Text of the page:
It is not yet August so it is not yet a pennant race, but the Toronto Blue Jays are in a situation they haven't been for a long time - they matter. Their games matter, dripping with primordial playoff implications as they do. Given the AL East warzone, these future implications are more than just tiny glimmers of hope reflecting off the brass ring that is the second Wild Card game.
For the first time in a long time, people are very excited about homegrown talent that contributes to Toronto Blue Jays playoff positioning. People are excitedly watching on TV in record numbers. People are excitedly watching the scoreboards, cursing opponents of the Yankees and Orioles for seeming incapable of scoring runs or protecting leads. People are excited.
They're excited by attrition, as the sliding scale of satisfactory outcomes now includes "lurch into one-game coinflip against Mike Trout's team" or "win ugliest division in baseball with worst record in 15 years."
Not that it matters. There are no style points in the standings and you can't half-hang tricolor bunting. More to the point: flags fly forever so nobody asks if you backed in or won 100 games. Flags get the last word on matters big and small.
With that excitement comes unease. With unease come questions, both specific and existential. The questions are new and the answers are not well-rehearsed. They're questions rarely breathed around this team for 20 years, and yet here, in Alex Anthopoulos' ascii shrug of a season, they're getting new life.
When playoff questions are asked, their din drowns out whispers about style and weirdness and what it does to us to watch proudly mediocre baseball for a generation. "How can they win tonight's game?" becomes the only question worth asking.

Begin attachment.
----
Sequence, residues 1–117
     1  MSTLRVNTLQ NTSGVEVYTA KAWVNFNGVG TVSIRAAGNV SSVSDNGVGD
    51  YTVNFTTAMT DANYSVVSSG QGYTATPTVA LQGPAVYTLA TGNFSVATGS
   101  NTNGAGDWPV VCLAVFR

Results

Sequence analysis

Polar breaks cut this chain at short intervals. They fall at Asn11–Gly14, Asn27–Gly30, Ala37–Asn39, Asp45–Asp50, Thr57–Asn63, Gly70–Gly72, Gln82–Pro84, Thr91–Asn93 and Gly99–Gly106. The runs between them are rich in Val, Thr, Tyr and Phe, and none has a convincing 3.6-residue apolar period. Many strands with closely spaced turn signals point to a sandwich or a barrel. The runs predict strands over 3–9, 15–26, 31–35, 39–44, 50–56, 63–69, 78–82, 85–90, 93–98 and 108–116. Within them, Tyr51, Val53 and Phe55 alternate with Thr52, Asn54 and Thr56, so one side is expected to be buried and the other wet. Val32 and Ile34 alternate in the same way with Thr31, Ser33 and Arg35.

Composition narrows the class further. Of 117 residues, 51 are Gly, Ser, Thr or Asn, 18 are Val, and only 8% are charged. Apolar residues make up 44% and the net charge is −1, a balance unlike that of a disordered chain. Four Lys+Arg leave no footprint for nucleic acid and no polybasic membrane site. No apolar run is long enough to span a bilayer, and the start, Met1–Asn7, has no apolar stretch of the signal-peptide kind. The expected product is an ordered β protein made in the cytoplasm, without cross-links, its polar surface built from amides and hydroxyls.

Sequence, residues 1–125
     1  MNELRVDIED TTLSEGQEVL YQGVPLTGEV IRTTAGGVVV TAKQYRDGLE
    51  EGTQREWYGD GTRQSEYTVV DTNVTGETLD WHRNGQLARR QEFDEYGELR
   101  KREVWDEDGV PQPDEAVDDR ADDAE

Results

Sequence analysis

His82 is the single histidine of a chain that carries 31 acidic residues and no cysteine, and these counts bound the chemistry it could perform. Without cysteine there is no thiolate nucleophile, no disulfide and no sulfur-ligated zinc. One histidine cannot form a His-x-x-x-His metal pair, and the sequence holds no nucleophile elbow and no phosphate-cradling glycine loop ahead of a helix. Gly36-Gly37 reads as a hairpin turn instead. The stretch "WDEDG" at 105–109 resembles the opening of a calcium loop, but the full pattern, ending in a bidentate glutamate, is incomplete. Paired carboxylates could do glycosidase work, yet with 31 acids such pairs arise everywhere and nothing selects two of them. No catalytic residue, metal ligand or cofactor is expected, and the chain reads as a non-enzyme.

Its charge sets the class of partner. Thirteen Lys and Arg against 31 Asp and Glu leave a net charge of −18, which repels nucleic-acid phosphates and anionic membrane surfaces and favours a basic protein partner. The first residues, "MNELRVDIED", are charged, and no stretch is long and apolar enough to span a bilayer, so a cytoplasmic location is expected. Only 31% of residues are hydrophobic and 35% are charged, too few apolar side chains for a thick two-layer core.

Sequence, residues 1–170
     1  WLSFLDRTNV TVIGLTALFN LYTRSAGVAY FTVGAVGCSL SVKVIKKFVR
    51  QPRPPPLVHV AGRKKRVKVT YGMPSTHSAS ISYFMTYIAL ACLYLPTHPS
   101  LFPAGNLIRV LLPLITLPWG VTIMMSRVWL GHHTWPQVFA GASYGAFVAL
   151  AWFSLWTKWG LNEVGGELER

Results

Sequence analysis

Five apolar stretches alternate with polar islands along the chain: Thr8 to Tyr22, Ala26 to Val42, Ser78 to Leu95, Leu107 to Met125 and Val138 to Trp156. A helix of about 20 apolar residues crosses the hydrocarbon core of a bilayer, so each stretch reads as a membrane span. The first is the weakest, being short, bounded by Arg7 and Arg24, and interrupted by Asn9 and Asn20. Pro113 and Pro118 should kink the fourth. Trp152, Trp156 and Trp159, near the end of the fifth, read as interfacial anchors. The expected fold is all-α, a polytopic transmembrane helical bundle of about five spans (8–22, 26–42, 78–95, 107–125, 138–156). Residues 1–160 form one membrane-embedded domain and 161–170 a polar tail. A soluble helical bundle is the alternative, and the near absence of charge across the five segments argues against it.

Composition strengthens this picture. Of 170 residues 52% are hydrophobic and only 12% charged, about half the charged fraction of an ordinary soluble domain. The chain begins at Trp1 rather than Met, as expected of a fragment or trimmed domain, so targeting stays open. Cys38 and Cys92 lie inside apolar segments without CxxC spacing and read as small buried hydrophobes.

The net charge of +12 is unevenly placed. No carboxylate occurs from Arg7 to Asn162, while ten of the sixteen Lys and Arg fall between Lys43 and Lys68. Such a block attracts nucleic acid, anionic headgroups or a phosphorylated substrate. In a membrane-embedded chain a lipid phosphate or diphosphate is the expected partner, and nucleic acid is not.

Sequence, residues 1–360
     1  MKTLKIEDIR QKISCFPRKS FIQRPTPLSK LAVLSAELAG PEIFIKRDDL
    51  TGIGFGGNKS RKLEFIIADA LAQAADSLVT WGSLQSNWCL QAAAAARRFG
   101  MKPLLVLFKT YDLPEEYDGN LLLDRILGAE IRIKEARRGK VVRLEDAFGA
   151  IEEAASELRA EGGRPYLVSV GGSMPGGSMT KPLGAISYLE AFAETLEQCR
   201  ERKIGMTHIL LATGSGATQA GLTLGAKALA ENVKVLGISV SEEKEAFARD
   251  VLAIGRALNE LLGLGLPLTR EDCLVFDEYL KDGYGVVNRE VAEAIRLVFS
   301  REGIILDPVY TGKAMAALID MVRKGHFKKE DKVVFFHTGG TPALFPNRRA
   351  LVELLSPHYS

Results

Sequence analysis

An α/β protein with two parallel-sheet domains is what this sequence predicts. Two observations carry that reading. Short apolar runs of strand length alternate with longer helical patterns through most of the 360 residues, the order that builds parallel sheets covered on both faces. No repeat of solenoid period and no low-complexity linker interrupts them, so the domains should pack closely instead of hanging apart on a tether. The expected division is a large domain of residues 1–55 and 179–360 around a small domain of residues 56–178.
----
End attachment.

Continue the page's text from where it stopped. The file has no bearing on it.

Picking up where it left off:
Quite rightly, if we're all being honest. The game is the game but tuning in with a vested interest tends to trump ironic detachment, so long the bedrock of this small corner of baseball internet. It was the lack of these questions that brought sites like this one to life, a search for meaningful baseball conversations in a time and place where they were lacking.
This week, the Jays picked wins off the rotting carcass of the defending World Series champions and re-inserted themselves into the playoff conversation just as I learned that me and my friends needed to find a new place to work. Suddenly my life was full of questions, many of which I dared not ask before. Maybe not serendipity but not something I'll let pass without notice.
It won't provide any real answers but opening this space again just seems like something worth doing, given the events of the week. Here's hoping one half of this continuum lasts a long time and the other doesn't last at all. In the mean time, let's try this old suit on for size.